DESPITE the bankruptcies, bailouts and plunging sales that quaked the auto industry this year, perhaps nothing sums up the misery better than this: The United States is no longer the world’s top car market. As 2009 draws to a merciful end, J. D. Power & Associates estimates that the Chinese will end up buying 12.7 million vehicles, compared with Americans’ 10.4 million purchases. How much has the market contracted? Consider that in 2000 United States sales reached an all-time high of 17.4 million. The slippage came despite an unprecedented effort to assist those who make and sell cars, including the summer cash-for-clunkers program that doled out $2.9 billion in government rebates to spur sales of 690,000 new cars — while taking that many guzzling older models off the streets. Despite that program’s temporary jolt, nearly 1,500 dealerships had shut their doors through …

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Luxury car buyers are back but spending less for the holidays

  This holiday season, the luxury car buyer is offering a simple phrase: I’m not spending too much. Wealthier shoppers are trickling back into showrooms after staying away much of the year. But there’s a catch. Many are pinching pennies, sort of, by choosing smaller BMW and Mercedes models, or they’re buying top-of-the-line cars from cheaper brands. This year, almost 14 percent of luxury buyers replaced old vehicles with brands other than traditional high-end names such as Audi, BMW, Cadillac, Infiniti, Jaguar, Lexus, Lincoln, Mercedes and Porsche. That’s up from just 4 percent in 2006 and a reminder that these buyers still don’t feel as wealthy as they once did. Home values are still down and portfolios shrunken, despite the stock market’s gains this year. Two potential beneficiaries of the shift are Buick and Hyundai, brands offering luxury models that are much cheaper than …

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Who is the car company trying to save Saab

  One Swedish car maker down and another to go. With Chinese auto maker Geely Holding Group sealing its deal to acquire Volvo from Ford Motor for about $2 billion, that leaves only Saab’s fate up in the air. The only hope for Saab is a small, ultraluxury sports-car company, Spyker Cars NV, which has kept its bid alive to buy Saab from General Motors. Who is Spyker anyway? Outside of Formula One racing circles and the celebrity scene (Jennifer Lopez bought a Spyker), the Dutch auto maker is hardly a household name. Spyker does have one thing in common with Saab: both sell relatively few cars. Saab has sold 93,000 cars this year, the least of any GM brand. Spyker has sold 36 cars through the third quarter. Ok, this isn’t exactly an apples-to-apples comparison. That is because Spyker makes hand-built, high-end sports cars …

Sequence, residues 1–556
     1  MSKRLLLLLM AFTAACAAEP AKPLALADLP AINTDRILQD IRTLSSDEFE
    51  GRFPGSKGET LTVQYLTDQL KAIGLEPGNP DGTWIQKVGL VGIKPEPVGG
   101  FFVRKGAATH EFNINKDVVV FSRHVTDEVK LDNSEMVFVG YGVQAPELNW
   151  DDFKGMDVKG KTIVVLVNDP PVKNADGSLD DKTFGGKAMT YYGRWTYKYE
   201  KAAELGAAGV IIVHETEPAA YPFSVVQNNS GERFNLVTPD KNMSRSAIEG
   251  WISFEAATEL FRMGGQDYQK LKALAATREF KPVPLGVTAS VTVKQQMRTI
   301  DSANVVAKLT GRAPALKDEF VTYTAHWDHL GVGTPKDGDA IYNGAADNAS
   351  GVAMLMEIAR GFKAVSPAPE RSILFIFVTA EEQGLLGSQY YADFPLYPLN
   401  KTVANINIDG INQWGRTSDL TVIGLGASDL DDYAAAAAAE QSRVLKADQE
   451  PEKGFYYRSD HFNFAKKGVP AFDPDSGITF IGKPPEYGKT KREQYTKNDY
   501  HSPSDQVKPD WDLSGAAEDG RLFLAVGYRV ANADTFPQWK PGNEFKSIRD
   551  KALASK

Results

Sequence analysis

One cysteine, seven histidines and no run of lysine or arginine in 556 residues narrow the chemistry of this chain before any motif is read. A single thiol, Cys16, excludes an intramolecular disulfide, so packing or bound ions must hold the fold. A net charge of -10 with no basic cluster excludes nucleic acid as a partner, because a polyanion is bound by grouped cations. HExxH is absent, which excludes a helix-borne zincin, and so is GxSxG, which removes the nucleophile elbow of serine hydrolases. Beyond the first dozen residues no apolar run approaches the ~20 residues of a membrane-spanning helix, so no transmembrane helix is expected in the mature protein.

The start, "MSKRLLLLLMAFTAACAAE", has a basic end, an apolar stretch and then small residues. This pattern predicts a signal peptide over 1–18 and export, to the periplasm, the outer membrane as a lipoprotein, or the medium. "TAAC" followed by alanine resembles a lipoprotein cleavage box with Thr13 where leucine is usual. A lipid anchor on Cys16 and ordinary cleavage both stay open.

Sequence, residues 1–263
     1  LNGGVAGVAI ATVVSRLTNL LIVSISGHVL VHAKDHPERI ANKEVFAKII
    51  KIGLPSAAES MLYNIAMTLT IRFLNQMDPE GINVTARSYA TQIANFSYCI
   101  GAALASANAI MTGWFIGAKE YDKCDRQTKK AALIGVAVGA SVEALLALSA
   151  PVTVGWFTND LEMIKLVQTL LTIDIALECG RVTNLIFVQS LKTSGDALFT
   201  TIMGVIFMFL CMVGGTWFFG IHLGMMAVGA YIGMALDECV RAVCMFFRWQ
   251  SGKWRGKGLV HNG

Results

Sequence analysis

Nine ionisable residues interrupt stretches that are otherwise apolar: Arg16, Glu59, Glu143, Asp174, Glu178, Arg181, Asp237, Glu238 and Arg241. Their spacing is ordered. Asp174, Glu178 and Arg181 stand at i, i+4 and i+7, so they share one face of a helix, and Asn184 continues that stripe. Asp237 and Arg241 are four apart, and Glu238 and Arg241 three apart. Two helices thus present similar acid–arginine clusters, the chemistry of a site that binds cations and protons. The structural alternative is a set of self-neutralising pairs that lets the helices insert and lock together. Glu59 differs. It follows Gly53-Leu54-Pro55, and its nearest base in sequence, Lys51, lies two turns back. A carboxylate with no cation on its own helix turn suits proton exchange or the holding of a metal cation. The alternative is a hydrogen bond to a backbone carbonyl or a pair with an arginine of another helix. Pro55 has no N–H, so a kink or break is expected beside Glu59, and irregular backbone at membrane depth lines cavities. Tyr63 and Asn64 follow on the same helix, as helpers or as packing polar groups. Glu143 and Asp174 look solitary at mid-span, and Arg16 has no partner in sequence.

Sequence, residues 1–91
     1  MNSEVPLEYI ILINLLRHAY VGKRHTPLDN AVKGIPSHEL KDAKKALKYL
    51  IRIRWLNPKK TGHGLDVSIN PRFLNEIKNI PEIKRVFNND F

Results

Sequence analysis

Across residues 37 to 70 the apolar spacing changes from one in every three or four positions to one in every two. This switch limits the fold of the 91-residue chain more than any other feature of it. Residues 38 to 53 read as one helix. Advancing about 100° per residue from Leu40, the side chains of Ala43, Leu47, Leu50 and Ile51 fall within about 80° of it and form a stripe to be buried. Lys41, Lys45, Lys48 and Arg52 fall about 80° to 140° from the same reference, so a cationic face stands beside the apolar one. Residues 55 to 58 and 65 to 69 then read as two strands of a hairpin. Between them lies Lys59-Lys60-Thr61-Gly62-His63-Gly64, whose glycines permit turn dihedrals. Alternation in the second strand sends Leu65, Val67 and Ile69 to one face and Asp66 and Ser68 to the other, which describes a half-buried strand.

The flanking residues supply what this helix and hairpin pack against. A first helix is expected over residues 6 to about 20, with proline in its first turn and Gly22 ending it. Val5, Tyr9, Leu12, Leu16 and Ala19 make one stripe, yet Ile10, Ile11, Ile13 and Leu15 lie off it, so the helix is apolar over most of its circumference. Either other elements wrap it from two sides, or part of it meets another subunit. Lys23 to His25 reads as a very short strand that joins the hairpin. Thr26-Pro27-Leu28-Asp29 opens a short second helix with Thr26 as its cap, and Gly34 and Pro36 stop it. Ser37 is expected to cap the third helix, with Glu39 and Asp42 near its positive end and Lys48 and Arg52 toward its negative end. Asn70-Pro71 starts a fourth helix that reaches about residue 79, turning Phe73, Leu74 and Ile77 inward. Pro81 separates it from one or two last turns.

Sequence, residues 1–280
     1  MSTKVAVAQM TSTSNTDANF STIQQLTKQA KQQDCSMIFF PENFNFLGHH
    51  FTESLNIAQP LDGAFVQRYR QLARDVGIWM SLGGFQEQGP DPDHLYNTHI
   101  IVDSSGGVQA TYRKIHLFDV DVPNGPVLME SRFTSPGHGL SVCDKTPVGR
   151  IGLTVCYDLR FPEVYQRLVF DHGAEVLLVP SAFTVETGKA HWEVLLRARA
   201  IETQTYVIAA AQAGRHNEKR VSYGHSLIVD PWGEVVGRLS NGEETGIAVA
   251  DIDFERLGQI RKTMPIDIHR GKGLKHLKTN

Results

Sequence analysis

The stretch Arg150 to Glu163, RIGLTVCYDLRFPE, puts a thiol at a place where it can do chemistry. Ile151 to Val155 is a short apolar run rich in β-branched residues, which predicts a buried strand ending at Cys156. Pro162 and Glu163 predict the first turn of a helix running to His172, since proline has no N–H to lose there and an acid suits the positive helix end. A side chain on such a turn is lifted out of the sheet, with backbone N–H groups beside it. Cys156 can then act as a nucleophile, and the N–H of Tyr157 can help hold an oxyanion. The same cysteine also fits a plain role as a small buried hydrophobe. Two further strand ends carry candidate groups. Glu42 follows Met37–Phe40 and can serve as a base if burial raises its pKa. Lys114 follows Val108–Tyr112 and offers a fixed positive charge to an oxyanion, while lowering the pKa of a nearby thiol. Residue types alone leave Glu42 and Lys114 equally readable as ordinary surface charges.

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GM is reviewing several inquires about Saab

  General Motors Co. is in active negotiations with sports-car maker Spyker Cars NV over its latest offer to take over auto maker’s Swedish Saab brand, two people familiar with the situation said Monday. Spyker presented GM with a new offer to buy Saab on Sunday, two days after GM broke off talks with the company saying it would be impossible to reach a deal. Spyker said Monday it extended the deadline for that offer, which was set to expire at 5 p.m. Eastern Time. Major hurdles remain to salvaging the struggling brand, which GM has been trying to sell for nearly a year. Making Saab become profitable could cost billions in restructuring and product development costs. GM said Sunday it was reviewing several inquiries about Saab. Interested parties include private-equity interests, individuals and more-established industrial companies, a person familiar with the situation …

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Cash for Clunkers took a lot of used cars off the road

  When December rolls around, car dealerships typically want to unload the old to make room for the new. But not this year. “Traditionally, right now, you’d get a great deal on last year’s models, but because of ‘cash for clunkers’ those cars are pretty much gone,” said Jack Gillis of the Consumer Federation of America. The program paid out thousands for gas guzzlers, prompting a summer buying spree. So what’s on the lot now? Next year’s models, and they’re on sale. “The deals now are actually far better then they were under Cash for Clunkers. It’s just the customer doesn’t perceive it as that,” said Tammy Darvish of DARCARS Automotive Group. Since the government stopped offering incentives to buy, dealerships are back offering deals such as zero percent financing and cash back. “Even if your clunker is only worth 3 or 4 thousand, you add the 0 …